Schools that do not use traditional letter grade-based systems of student evaluation nonetheless exhibit strong records of placing students in well-regarded colleges and universities.”

    “College counselors and other administrators note that even the largest state universities, such as Ohio State University and the University of California system, will consider and accept students without GPAs, class ranks, or letter grades.”

    “A number of (non-graded) schools in this report suggest that the absence of traditional indicators of student performance on their transcripts gives their students an important advantage in the admission process.”

    “…Students gain admission to their ‘reach’ schools at a higher than expected rate because of the way the school’s transcript forces admission officers to more thoroughly read through the student’s application materials. That is, admission officers cannot reduce students with alternative transcripts to letter grades, GPA, or class ranks; they must get to know the student in a more comprehensive fashion.”
  • Where are we in the process of getting the top colleges ready to accept these students with a mastery transcript?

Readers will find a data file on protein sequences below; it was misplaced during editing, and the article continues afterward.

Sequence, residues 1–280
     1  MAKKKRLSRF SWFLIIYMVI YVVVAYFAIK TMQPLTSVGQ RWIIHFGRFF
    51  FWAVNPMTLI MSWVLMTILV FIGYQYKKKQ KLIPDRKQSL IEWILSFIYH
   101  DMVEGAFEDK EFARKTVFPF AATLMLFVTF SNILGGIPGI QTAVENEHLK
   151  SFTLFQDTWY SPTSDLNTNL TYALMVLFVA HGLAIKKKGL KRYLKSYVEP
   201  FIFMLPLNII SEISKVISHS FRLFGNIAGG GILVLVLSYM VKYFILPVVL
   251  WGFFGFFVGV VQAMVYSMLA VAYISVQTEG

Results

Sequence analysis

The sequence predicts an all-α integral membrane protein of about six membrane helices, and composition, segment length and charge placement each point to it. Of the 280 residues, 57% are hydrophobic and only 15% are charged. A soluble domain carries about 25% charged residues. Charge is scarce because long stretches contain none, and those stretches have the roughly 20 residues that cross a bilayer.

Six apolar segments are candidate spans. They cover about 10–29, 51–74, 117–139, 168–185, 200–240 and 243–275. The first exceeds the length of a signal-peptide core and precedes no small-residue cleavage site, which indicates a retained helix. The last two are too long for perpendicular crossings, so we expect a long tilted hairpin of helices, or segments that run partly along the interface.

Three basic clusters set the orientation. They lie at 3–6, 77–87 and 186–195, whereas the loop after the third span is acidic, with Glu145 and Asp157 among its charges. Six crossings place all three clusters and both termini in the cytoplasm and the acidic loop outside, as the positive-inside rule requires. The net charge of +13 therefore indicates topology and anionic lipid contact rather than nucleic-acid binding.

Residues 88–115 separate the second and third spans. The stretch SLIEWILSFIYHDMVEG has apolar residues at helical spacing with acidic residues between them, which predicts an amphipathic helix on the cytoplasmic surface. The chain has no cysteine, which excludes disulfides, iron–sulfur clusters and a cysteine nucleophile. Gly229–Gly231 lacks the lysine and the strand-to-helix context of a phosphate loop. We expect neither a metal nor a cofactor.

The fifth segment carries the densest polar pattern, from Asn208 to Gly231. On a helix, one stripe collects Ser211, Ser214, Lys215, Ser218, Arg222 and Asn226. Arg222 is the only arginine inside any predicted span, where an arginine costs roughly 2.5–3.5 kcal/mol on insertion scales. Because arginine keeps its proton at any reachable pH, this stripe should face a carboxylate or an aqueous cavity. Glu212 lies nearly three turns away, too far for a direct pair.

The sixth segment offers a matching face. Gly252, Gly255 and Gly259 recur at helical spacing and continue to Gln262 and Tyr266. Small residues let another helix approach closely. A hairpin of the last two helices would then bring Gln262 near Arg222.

Head of School Scott Looney and Hawken School founded the Mastery Transcript Consortium to organize like-minded schools into an effort to change the high school transcript presented to colleges and employers. The goal is to replace grades, Carnegie units (credits), and content-labeled courses on the transcript with mastery credits, which are specific learning targets earned through submission of a portfolio of best work and feedback. These mastery credits will include traditional content (i.e. algebraic reasoning) and academic skills (i.e. creative writing) as well as credit for social-emotional skills (persistence, resilience, leadership, etc.). This organization now has more than 280 schools - public, private, and parochial - from 23 different countries and is supported by a staff of 11, working together to make this transcript a reality. There are now more than 80 colleges and universities, including many of the most selective colleges, who have gone on record saying that they will accept that mastery transcript and that students will not be disadvantaged by a different transcript. In fact, we think that students in the Mastery School may have an advantage in the college process due to the uniqueness of their journeys and stories.